Whether or not recent peace talks in Moscow will increase the chances of ending the Sino-Indian border dispute, the conflicting realities of India’s ‘friendships’ with Russia and the US underline that New Delhi should pay more attention to India’s place in the global strategies of both countries.
“Russian, Chinese top diplomats to discuss strategic partnership in conditions of pandemic,” was the headline in TASS, Russia’s official news agency, when foreign ministers Sergei Lavrov and Wang Yi met at the Shanghai Cooperation Organisation conclave in Moscow last Friday. In a show of Moscow’s diplomatic adroitness in the story that followed, TASS added two sentences later, “Besides, they held a trilateral meeting with their Indian counterpart Subrahmanyam Jaishankar.” Was that an aside or afterthought, given Russia’s neutrality in the Sino-Indian border dispute and its simultaneous support for China’s territorial ambitions in the South China Sea?
India often lauds the “trusted” friendship of Russia which, since the 1970s, has been its largest arms supplier. At the moment India-Russia bilateral ties look good for two different reasons. First, Moscow will include India in clinical trials of Russia’s anti-Covid vaccine. Second, as India’s main arms seller, it was the country which defence minister Rajnath Singh visited soon after the outbreak of the Ladakh clashes to request the expediting of arms deliveries, especially the S-400 missile system. But Russia has always kept its Indian and Chinese irons in the fire. It sold the S-400 to China first, in 2015, and to India in 2018, as Moscow and Beijing hailed the golden age of their partnership.
Russia and its ‘comprehensive’ strategic partner, which is rising, aggressive China, jointly challenge America’s global primacy. In India’s absence – explained by China’s intrusions into Ladakh – China’s participation in Russia’s Caucasian military drills in the third week of September will upgrade its strategic and political value to Moscow. Chinese troops will be drawn from a unit involved in border clashes with India.
At another level, Sino-Russian interdependence is strengthened by ascending China’s need for gas and oil from neighbouring Russia, which is one of the world’s biggest energy producers. Now, as the US and India impose their differential bans on the Chinese telecom giant Huawei, it will shift investments – you’ve guessed where – to Russia! A strong China can advance Russia’s global interests more than any other country. India should ponder its comradeship with Russia.
The US is India’s top economic and strategic partner. Even in the absence of an alliance, India subscribes to Washington’s concept of the Indo-Pacific. Russia has advised India against going along with the concept, which excludes China. In turn, China threatens India.
The state-steered Global Times editorialises that India’s “sense of superiority” flows from its “geopolitical mobilisation capabilities”. Australia, Japan and America are its suitors in the Indo-Pacific. China’s advantage, rants the tabloid, is based on strength and it must be “prepared to completely defeat India’s illusions through military actions”. For India to provoke China “is hitting a rock with an egg”.
Since the Ladakh clashes in June some Indians have favoured an alliance with the US. But India’s ‘alliance hopefuls’ could start by questioning themselves. Is the US interested in a military pact with India? An alliance entails binding pledges. What commitment do the hopefuls want the US to make, or think Washington will make?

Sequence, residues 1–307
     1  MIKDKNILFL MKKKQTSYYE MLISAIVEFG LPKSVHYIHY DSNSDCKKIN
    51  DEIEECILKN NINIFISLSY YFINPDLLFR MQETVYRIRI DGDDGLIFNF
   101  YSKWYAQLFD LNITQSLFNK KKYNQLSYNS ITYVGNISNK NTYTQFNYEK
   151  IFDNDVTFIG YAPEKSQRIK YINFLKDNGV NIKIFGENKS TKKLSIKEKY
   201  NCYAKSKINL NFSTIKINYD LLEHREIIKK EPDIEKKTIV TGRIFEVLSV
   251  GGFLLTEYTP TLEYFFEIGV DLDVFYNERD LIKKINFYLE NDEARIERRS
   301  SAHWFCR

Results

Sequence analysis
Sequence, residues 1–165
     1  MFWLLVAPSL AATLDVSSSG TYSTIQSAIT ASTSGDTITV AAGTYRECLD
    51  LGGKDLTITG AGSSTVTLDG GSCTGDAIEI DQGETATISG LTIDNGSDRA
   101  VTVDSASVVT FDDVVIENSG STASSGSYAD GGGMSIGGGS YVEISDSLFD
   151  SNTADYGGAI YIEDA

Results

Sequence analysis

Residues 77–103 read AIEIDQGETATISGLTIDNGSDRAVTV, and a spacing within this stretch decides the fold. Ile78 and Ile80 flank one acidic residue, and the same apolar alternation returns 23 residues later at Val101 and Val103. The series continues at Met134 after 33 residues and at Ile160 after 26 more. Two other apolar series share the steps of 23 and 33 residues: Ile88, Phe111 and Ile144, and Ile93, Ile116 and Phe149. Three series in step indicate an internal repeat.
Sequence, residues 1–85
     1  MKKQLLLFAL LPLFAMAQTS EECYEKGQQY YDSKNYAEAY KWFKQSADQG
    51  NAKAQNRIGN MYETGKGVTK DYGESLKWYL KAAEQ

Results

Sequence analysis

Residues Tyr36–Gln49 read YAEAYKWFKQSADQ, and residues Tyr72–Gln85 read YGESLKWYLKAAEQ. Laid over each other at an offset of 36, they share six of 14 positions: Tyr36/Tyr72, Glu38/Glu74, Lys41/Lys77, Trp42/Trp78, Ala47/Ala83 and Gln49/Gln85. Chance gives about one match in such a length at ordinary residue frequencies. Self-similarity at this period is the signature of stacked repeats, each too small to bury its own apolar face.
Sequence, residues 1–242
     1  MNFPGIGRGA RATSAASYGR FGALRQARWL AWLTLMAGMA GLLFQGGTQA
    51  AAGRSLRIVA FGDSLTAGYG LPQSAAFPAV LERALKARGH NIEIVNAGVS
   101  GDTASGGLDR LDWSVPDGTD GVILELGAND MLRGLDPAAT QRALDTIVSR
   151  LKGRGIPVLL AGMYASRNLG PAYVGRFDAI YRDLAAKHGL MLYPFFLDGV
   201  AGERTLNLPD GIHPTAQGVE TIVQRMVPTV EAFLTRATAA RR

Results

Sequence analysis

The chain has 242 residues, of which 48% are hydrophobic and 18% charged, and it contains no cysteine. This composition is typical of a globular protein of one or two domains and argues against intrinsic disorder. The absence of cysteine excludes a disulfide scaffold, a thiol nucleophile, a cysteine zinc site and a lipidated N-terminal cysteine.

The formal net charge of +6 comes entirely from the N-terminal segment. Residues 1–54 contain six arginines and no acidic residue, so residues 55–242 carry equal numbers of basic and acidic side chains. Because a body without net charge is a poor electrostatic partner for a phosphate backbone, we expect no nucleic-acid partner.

In a presidential election year, at a time when Washington is withdrawing US troops from Afghanistan because of Nato’s failure to quash the Pakistani-trained Taliban, shouldn’t the advocates of ‘alliance’ disabuse themselves of the idea that America will ‘rescue’ India in the event of a Sino-Indian land war? In fact, none of India’s three partners in the Quad – the US, Australia and Japan – has a land dispute with China. Both Australia and Japan wish to maintain their robust trade ties with China.
A strengthened military bond with the US would certainly enable India to gain access to more American materiel, help with technology development and information exchanges with US intelligence. But these will not alter the balance of power between China and India. Most importantly, India’s economic resources will decide its long-term aims and how much military gear it can buy.
Moreover, American and Indian strategic priorities differ. America’s top priority is Southeast Asia. From the Indian side, barely before the Ladakh skirmishes, chief of defence staff, General Bipin Rawat, marked the strategic distance between India and the US by depicting India as a South Asian power in its Indian Ocean neighbourhood, not an Indo-Pacific one. Since the outbreak of hostilities, Jaishankar has put the lid on talk of India forging an alliance with any country.
Russia and the US will be steered by their world interests. Facing political, economic and military exigencies, India is not the highest priority of either. But doesn’t nonalignment imply that neither is India’s top priority? The anti-Americanism of Russia and China, Russia’s wish to benefit from China’s growing economic clout challenge India to define its place in a world that is changing in part because of the political cat’s cradles being woven by their complex, rivalry ridden ties.
On India falls the onerous task of defending its sovereignty. New Delhi must display the competence that will put India on the rails to progress and success in military and global competition against China. Only then will India define its place in and secure its national interests in a dynamic, unreliable world.
DISCLAIMER : Views expressed above are the author’s own.